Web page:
by Matthew Cohen, CPA
In trying to navigate countless tax regulations, businesses and individuals often find themselves grappling with whether or not to issue 1099s.
The Internal Revenue Service (IRS) mandates that these forms be issued to report various types of payments including but not limited to non-employee compensation, interest, rents and cancellation of debt.
Who needs to receive a 1099?
The first step in complying with IRS regulations is to identify who needs to receive a 1099. Generally, an individual or entity that received $600 or more in income during the tax year must be issued a 1099. This includes independent contractors, freelancers, and other non-employee service providers. It is imperative to maintain accurate records of payments throughout the year to make a determination and streamline the filing process.
There are exceptions that allow forgoing issuance of 1099s. You do not need to issue 1099s to Corporations other than corporations that provide legal services. All legal service providers need to be issued 1099s if paid $600 or more per year.
In addition, if you pay the recipient via eligible electronic payments including by credit card, Venmo and PayPal, you do not need to issue 1099s. Keep in mind if you make payments to a recipient via electronic payment and by check, a 1099 should is required to be issued for the non-electronic payments.
Which 1099 form do I use?
There are different 1099s that are issued depending on which type of payment is being reported. If you are issuing a 1099 to a service provider you would use IRS form 1099-NEC (Non-Employee Compensation). If you are issuing a 1099 for rents or royalties, you would use IRS form 1099-MISC (Miscellaneous Income). If you are issuing a 1099 for interest paid, you would use IRS form 1099-INT.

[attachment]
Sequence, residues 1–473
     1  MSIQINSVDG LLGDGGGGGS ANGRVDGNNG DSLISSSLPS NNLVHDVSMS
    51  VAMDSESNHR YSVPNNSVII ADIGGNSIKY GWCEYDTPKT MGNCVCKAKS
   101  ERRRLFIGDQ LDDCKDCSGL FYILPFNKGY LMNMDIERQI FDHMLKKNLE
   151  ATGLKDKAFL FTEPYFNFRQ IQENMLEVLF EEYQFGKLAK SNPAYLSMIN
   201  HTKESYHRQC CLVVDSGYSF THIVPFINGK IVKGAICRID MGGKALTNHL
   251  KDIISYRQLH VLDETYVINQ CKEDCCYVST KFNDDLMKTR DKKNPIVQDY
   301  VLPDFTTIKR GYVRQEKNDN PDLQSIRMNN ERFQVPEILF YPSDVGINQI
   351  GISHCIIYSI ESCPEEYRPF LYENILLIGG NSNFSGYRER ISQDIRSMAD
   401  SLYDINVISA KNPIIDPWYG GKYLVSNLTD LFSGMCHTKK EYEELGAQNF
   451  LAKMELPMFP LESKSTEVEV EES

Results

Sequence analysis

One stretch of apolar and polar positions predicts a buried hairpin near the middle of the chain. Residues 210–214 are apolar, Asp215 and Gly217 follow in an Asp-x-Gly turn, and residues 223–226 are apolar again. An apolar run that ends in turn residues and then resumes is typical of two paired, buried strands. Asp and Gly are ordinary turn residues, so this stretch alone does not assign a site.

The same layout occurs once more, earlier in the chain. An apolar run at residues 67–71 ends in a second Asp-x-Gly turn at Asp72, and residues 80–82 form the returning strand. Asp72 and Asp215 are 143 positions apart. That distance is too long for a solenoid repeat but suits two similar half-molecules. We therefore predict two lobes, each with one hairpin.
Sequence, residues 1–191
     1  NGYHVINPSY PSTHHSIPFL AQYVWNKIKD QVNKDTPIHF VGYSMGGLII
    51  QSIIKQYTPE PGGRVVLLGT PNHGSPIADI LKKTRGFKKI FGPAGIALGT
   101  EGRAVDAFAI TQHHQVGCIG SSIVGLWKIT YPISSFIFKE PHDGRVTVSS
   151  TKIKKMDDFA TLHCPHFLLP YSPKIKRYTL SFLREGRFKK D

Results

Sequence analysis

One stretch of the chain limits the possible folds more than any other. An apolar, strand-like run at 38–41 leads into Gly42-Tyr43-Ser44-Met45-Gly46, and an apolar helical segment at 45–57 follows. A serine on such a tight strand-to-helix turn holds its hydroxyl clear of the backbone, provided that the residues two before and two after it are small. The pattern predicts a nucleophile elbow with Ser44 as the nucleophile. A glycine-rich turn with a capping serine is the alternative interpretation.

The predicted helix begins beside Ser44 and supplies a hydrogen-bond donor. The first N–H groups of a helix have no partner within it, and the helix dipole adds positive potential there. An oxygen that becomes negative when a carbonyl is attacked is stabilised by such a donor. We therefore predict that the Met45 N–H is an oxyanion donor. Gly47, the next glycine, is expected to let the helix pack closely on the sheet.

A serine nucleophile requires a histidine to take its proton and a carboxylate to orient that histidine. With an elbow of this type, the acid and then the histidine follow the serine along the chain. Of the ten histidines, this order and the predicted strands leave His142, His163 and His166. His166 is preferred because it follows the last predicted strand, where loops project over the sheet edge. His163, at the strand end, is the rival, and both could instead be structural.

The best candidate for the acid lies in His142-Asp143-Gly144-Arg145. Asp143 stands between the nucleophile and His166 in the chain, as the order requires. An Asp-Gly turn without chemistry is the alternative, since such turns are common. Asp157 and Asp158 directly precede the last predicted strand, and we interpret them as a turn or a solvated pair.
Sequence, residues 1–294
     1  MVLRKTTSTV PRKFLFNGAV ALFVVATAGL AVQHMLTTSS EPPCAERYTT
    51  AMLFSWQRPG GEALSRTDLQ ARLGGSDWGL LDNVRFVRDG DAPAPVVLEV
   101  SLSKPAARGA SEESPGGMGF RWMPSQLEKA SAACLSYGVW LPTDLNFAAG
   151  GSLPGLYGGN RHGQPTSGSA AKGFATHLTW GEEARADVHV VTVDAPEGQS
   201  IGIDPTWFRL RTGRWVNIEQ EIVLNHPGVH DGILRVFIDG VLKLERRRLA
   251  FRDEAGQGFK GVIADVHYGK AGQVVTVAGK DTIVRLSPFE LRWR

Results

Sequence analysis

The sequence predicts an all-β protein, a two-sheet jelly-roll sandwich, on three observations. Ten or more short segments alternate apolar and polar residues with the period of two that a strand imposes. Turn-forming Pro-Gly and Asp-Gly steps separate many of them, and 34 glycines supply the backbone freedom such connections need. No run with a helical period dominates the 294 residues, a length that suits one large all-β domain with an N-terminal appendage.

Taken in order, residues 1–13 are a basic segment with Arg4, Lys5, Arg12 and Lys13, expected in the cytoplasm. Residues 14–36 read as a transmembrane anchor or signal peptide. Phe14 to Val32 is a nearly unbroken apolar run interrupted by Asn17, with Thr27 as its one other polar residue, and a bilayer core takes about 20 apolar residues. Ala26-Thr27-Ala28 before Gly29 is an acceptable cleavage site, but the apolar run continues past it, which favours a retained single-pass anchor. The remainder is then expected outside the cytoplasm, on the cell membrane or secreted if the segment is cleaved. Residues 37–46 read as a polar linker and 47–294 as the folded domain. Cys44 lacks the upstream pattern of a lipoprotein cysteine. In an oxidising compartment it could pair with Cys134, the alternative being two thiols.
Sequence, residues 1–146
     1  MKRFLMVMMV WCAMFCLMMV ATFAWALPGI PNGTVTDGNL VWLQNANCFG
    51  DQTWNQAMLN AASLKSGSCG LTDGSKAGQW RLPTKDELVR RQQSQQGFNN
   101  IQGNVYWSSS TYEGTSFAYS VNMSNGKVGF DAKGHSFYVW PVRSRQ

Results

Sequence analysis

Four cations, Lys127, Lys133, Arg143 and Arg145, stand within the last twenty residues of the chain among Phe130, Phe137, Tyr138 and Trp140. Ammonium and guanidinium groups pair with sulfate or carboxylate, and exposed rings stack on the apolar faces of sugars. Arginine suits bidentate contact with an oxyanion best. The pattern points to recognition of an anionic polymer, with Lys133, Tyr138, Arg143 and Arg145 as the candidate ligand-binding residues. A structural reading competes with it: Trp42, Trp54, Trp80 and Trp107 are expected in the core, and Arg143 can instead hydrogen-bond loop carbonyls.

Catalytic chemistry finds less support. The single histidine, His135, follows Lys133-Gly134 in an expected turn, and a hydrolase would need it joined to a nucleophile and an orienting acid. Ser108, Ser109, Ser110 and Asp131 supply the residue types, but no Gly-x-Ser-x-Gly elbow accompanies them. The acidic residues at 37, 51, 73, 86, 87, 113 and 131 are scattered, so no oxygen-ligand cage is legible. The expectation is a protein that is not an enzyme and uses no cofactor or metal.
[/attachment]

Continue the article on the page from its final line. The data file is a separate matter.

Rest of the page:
There are several 1099s that report other types of payment that include dividend income, cancellation of debt income and proceeds from the sale of property. Be sure you confirm which form is correct for the payments you made prior to issuance and filing.
When are 1099s due?
Time is of the essence when it comes to issuing and filing 1099s. The due dates for the forms vary depending on the type of form. For example, 1099-NECs must be sent to recipients and filed with the IRS by February 1st. 1099-MISCs are due to the recipients by February 1st but the issuer has until March 31st to file with the IRS if done so electronically.
Due dates for other types of 1099s vary. Check with the IRS when the form you are preparing is due.
Be sure to check if the applicable State has a filing requirement as well. Also, be mindful of penalties and related interest for non-compliance. The IRS imposes fines for late or incorrect filings.
How do I get the recipient information needed to prepare a 1099?
The IRS requires that the issuer of a 1099 obtain an IRS form W-9. This form contains the information needed to prepare a 1099. A payee much include their name as it would appear on a tax return, type of business, mailing address and taxpayer ID number. The form must be signed and dated by the payee/recipient.
The issuer is required to obtain a W-9 prior to issuance of any payment. Aside from the requirement, this makes logical sense as it is easier to obtain a W-9 from someone waiting to be paid rather than after payment is made.
To be safe, you should obtain a W-9 prior to making payment and later determine if issuing a 1099 is necessary.
To summarize, any person or business paying a third party should have a protocol set up with regard to issuance of 1099s. This should include obtaining a W-9 from each payee at or near the beginning of the year. After year end, the payer can then determine how much each person or business was paid and whether or not they are required to issue 1099s.
Be sure to consult your tax adviser if necessary and if they do not prepare 1099s find an outside provider that does.
*This article was updated on February 7, 2024 relating to amount of payments reflected on forms.